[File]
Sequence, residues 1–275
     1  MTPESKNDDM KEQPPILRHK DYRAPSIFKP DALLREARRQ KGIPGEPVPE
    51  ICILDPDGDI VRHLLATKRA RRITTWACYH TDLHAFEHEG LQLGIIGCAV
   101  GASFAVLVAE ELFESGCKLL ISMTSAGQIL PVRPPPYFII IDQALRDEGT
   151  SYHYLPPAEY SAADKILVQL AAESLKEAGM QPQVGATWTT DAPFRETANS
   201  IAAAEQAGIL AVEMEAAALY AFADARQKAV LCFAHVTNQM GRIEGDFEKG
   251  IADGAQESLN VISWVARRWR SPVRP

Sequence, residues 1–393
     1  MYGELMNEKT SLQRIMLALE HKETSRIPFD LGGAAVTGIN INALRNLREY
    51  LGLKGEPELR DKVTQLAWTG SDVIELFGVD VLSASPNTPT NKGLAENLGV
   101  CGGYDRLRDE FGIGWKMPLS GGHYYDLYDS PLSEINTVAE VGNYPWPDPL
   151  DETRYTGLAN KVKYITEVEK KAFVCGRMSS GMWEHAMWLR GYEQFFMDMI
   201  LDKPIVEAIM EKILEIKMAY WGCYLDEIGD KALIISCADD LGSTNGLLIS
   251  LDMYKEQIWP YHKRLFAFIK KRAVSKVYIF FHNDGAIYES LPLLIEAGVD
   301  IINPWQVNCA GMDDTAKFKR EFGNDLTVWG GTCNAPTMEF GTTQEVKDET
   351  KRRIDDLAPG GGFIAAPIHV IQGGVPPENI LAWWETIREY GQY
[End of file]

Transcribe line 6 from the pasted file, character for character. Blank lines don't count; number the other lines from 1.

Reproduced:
   201  IAAAEQAGIL AVEMEAAALY AFADARQKAV LCFAHVTNQM GRIEGDFEKG